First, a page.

Joint Colloquium Distinguished Lecture Series
A Compressed Tour of Compressed Sensing for Rapid Magnetic Resonance Imaging
Wednesday, October 21, 2009
Magnetic Resonance Imaging (MRI) is a non-invasive imaging modality. Unlike Computed Tomography (CT), MRI does not use ionizing radiation. In addition, MRI provides a large number of flexible contrast parameters. These provide excellent soft tissue contrast. Since its invention more than 30 years ago, MRI has improved dramatically both in imaging quality and speed. This has revolutionized the field of diagnostic medicine. Imaging speed is a major part of this revolution as it is essential in many MRI applications. Improvements in MRI hardware and imaging techniques have enabled faster data collection, and hence faster imaging. However, we are currently at the point where fundamental physical and physiological effects limit our ability to simply encode data more quickly.
This fundamental limit has led many researchers to look for methods to reduce the amount of acquired data without degrading the image quality. These reduced sampling methods are based on the fact that MRI data is redundant, so the underlying information may be extracted from less data than traditionally considered necessary. One of the most significant clinical impacts of reduced sampling methods has been accomplished by parallel imaging with multiple receiver channels. Imaging with multiple channels provides more useful data per MRI acquisition, so fewer acquisitions are needed per scan.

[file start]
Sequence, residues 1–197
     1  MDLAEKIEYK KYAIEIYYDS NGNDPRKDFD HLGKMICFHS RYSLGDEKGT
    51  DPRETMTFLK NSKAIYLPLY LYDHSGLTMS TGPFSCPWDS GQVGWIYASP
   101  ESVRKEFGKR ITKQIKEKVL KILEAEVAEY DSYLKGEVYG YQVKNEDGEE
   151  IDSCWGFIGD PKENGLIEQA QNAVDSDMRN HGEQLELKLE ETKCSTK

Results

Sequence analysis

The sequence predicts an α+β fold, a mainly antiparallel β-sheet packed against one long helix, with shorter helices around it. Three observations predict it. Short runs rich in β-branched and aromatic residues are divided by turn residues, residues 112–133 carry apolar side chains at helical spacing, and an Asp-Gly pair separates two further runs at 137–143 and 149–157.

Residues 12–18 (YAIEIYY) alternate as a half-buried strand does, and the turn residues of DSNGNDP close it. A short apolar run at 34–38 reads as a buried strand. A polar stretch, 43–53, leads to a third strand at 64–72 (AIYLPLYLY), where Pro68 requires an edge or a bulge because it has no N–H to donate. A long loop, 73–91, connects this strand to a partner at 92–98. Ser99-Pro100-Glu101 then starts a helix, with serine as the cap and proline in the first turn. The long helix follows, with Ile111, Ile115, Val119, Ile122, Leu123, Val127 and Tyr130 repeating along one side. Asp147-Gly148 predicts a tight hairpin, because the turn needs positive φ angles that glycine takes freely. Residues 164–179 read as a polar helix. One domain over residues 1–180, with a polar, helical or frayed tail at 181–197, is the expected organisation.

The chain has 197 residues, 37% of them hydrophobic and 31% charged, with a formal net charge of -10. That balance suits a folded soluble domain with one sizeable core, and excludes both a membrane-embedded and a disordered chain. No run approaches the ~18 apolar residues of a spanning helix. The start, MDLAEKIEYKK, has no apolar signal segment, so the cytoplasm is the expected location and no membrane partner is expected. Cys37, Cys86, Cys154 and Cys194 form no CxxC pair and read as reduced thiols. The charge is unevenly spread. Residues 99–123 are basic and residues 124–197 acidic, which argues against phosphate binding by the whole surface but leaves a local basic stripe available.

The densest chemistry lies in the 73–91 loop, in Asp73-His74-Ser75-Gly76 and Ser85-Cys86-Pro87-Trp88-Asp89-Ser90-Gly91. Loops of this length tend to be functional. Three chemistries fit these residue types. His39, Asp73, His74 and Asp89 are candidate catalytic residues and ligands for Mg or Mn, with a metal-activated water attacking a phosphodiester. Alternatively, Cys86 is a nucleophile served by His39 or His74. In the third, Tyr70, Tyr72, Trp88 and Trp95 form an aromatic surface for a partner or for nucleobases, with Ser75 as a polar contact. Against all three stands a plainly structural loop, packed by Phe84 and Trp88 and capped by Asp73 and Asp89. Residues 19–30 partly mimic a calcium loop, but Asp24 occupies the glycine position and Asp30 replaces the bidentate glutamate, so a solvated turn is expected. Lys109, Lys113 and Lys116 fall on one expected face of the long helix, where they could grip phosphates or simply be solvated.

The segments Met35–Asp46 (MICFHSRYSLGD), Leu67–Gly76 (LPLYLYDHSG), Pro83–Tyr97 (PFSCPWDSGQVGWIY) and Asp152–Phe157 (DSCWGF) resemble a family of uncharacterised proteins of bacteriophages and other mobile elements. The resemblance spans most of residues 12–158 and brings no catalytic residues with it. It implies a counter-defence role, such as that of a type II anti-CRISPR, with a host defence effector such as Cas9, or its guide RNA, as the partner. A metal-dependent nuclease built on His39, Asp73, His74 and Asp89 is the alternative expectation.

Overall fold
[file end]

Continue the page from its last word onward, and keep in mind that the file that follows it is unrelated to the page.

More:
Another source of redundancy that has been gaining significant attention is the sparsity and compressibility of various MR signals. This effort has been motivated by the recent introduction of the theory of compressed sensing (CS). Compressed sensing implicitly compresses data within the signal acquisition process by obtaining fewer so-called "incoherent measurements". This is accomplished through various randomized k-space sampling schemes. Images can be accurately reconstructed from these measurements using non-linear recovery processes. The practical result of CS in the context of MRI is that MR images require much less data for reconstruction.
This talk is meant for the general audience and will cover some of the basic concepts of Magnetic Resonance Imaging, Compressed Sensing and the application of Compressed Sensing to MRI. The talk will also review some of the work done to improve MRI diagnostics of pediatric patients, where rapid imaging is crucial to minimize motion artifacts and to reduce the use of anesthesia in patients.
Michael (Miki) Lustig is a newly appointed Assistant Professor in EECS. He will join the faculty in Spring 2010. He received his Bsc in Electrical Engineering from the Technion, Israel Institute of Technology in 2002. He received his Msc and PhD in Electrical Engineering from Stanford University in 2004 and 2008 respectively. His research focuses on medical imaging, in particular Magnetic Resonance Imaging (MRI). More specifically, the application of compressed sensing to rapid and high-resolution MRI, MRI pulse sequence design, medical image reconstruction, inverse problems in medical imaging and sparse signal representation.
Michael's work in the past couple of years has focused on developing methods for transforming pediatric MRI into a safe, broadly available, reliable diagnostic tool.
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